• 2007 - On September 30, the rector, vestry and several members of Christ Church vote to disaffiliate from the Episcopal Church and align with the Church of Uganda, but they refuse to relinquish the real and personal property of Christ Church. The Rt. Rev. Henry I. Louttit defrocks the rector and appoints The Rev. Canon H. Neal Phelps as the priest in charge for the remaining Episcopalians who must now worship at St. Michael and All Angel's Episcopal Church on Washington Avenue.[21]
  • 2007 - The Diocese of Georgia, the Episcopal Church and Christ Church Episcopal file a lawsuit in the Superior Court of Chatham County to regain control of the Christ Church property.[21]
  • 2008 - On July 1, Michael S. White becomes Christ Church Episcopal's forty-first Rector. The Rev. Stuart Kenworthy, rector of Christ Church, Georgetown, Washington, D.C., is the preacher.[2]
  • 2008 - Katherine Jefferts Schori, Presiding Bishop and Primate, The Episcopal Church, preaches and celebrates at Christ Church Episcopal (worshiping at St. Michael and All Angel's Episcopal Church) on September 14, Holy Cross Day.[2]
  • 2011 - On November 21, the Georgia Supreme Court rules 6-1 that all real and personal property of Christ Church is held in trust for the Episcopal Church and the Diocese of Georgia as provided for in the Constitution and Canons of the Church and the Diocese.  On December 18, the Fourth Sunday of Advent, the Episcopalians hold their first service in Christ Church since being forced to leave on September 30, 2007.[2]
  • 2012 - On February 18, The Rev. Julia Sierra Reyes is ordained to the priesthood at Christ Church by The Rt. Rev. Scott Anson Benhase, the tenth Bishop of Georgia.  The Rev. Reyes becomes the first woman and the first African-American priest in the history of the parish.[2]
  • 2012 - On May 29, the President of the United States, Barack Obama, posthumously awards the presidential Medal of Freedom to Juliette Gordon Low to honor her founding the Girl Scouts in 1912.  Dick Platt, “Daisy” Low’s great nephew and member of the parish, accepts the award on her behalf.[20]
  • 2020 - On May 30, The Rt. Rev. Frank Logue was ordained and consecrated as the 11th Bishop of the Diocese of Georgia at Christ Church. The Rt. Rev. Scott Benhase, 10th bishop of Georgia served as the chief consecrator. The Rev. Julia Sierra Reyes is the preacher.[22]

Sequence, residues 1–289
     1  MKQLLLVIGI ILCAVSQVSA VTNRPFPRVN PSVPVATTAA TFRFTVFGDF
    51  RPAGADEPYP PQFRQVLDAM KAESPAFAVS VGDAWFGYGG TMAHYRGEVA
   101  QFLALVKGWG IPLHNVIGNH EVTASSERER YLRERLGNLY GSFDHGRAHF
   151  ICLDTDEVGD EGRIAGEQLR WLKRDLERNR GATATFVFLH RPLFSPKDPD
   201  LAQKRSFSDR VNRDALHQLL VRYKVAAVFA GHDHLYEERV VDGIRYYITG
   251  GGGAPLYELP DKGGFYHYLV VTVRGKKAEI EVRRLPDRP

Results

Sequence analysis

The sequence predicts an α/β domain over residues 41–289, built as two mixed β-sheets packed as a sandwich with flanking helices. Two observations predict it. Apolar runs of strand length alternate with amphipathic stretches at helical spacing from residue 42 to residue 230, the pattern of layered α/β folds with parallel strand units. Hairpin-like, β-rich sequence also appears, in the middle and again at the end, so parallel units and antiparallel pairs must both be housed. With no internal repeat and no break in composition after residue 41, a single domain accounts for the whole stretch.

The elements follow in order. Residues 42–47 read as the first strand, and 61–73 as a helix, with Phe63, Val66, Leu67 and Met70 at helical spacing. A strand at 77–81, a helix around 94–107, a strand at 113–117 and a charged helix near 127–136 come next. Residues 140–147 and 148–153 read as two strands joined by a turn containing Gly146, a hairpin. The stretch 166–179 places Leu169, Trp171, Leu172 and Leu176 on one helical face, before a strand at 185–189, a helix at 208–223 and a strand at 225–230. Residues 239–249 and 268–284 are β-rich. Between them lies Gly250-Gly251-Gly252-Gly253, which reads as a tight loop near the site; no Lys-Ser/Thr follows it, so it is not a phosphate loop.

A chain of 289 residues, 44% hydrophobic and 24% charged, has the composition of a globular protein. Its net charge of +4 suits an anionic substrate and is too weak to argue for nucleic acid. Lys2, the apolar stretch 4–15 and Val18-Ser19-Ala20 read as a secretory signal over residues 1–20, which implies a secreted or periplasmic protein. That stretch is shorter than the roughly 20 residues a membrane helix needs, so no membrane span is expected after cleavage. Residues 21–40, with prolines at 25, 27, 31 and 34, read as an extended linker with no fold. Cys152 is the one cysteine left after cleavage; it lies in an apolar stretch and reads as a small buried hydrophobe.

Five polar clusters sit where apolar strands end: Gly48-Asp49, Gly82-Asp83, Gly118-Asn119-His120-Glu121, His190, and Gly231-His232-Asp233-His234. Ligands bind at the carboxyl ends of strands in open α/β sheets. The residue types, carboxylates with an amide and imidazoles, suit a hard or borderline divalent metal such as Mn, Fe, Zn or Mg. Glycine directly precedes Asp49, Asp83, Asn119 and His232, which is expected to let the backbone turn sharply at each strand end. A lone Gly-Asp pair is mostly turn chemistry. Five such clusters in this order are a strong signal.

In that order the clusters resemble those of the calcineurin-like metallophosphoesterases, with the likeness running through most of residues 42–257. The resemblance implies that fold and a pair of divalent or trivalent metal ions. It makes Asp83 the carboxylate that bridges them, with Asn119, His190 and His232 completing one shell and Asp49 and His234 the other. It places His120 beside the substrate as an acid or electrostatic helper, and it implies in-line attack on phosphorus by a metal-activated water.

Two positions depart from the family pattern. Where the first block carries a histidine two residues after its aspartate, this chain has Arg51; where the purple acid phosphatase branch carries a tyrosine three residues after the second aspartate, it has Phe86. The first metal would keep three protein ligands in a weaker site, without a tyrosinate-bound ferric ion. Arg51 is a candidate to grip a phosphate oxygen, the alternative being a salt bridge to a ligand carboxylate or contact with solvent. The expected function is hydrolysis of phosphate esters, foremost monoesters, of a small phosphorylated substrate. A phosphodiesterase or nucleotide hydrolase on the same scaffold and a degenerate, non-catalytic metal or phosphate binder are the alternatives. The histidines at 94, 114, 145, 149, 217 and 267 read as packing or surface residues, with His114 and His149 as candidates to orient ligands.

Rectors of Christ ChurchEdit

  • Henry Herbert (1733)
  • Samuel Quincy (1733-35)
  • John Wesley (1736-37)
  • George Whitefield (1738, 1739-40)
  • William Norris (1738-39)
  • William Metcalf (1740, appointed but died before he could depart England for Georgia)
  • Christopher Orton (1741-42)
  • Thomas Bosomworth (1744-45)
  • Bartholomew Zouberbuhler (1745-66)
  • Samuel Frink (1767-71)
  • Timothy Lowten (1771-73)
  • Haddon Smith (1773-75)
  • John Rennie (1776)
  • Edward Jenkins (1779-80)
  • James Brown (1780-81)
  • John Stewart (1781-82)
  • John Holmes (1783?-84)
  • William Nixon (1786-87)
  • Benjamin Lindsay (1787-92?)
  • Edward Ellington (1793-95)
  • William Best (1804-07)
  • John Bartow (1810-14)
  • Walter Cranston (1815-22)
  • Abiel Carter (1822-27)
  • Edward Neufville (1827-51)
  • Abram Beech Carter (1851-52)
  • Stephen Elliott (1852-59, 1861-66)
  • L.P. Balch (1860)
  • Charles H. Coley (1867-68, having served also as Bishop Elliott's assistant since 1861)
  • John M. Mitchell (1868-72)
  • John W. Beckwith (1873-74)
  • George D.E. Mortimer (1874-77)
  • Thomas Boone (1877-88)
  • Robb White (1889-1905)
  • Francis Brown (1906-14)
  • John Durham Wing (1915-23)
  • David Cady Wright (1924-44)
  • Francis Bland Tucker (1945-67)
  • Warren E. Haynes (1967-73)
  • George M. Maxwell (1973-90)
  • Marcus B. Robertson (1992-2006)[20]
  • Michael S. White (2008-present)[21]

[18]

See alsoEdit

ReferencesEdit

  1. ^ a b Lawrence 1920, p. 73.
  2. ^ a b c d e f g h i j k l "History". Christ Church Savannah. Archived from the original on September 8, 2016. Retrieved May 14, 2020.
  3. ^ Knight 2006, p. 79.
  4. ^ "Our History". Christ Church Anglican. Archived from the original on August 15, 2020. Retrieved May 14, 2020.
  5. ^ a b c Byrnside 1997, p. 55.
  6. ^ a b c d e f Lawrence 1920, p. 74.
  7. ^ Knight 2006, p. 77.
  8. ^ Byrnside 1997, pp. 55–56.
  9. ^ Williams 2008, p. 28.
  10. ^ Lawrence 1920, p. 78.
  11. ^ Lawrence 1920, p. 77.
  12. ^ a b Knight 2006, p. 78.
  13. ^ Williams 2008, p. 2.
  14. ^ Onofrio 1999, pp. 193–194.
  15. ^ a b c Brimmer 2013.
  16. ^ a b c d Skutch 2012.
  17. ^ Savannah Morning News 2010.
  18. ^ a b c d e f g h i j k l m n o p q r s Warlick, Roger K. (1987). As Grain Once Scattered: The History of Christ Church, Savannah, GA, 1733-1983. Columbia, SC: The State Printing Company. p. 181. ISBN 0-9619270-0-3.
  19. ^ a b c "History". Christ Church Savannah. Retrieved June 7, 2020.
  20. ^ a b c d e "History". Christ Church Savannah. Retrieved June 7, 2020.
  21. ^ a b c d e f "History". Christ Church Savannah. Retrieved June 7, 2020.
  22. ^ "Frank Logue consecrated 11th bishop of Georgia". Episcopal News Service. June 2, 2020. Retrieved June 7, 2020.

BibliographyEdit

External linksEdit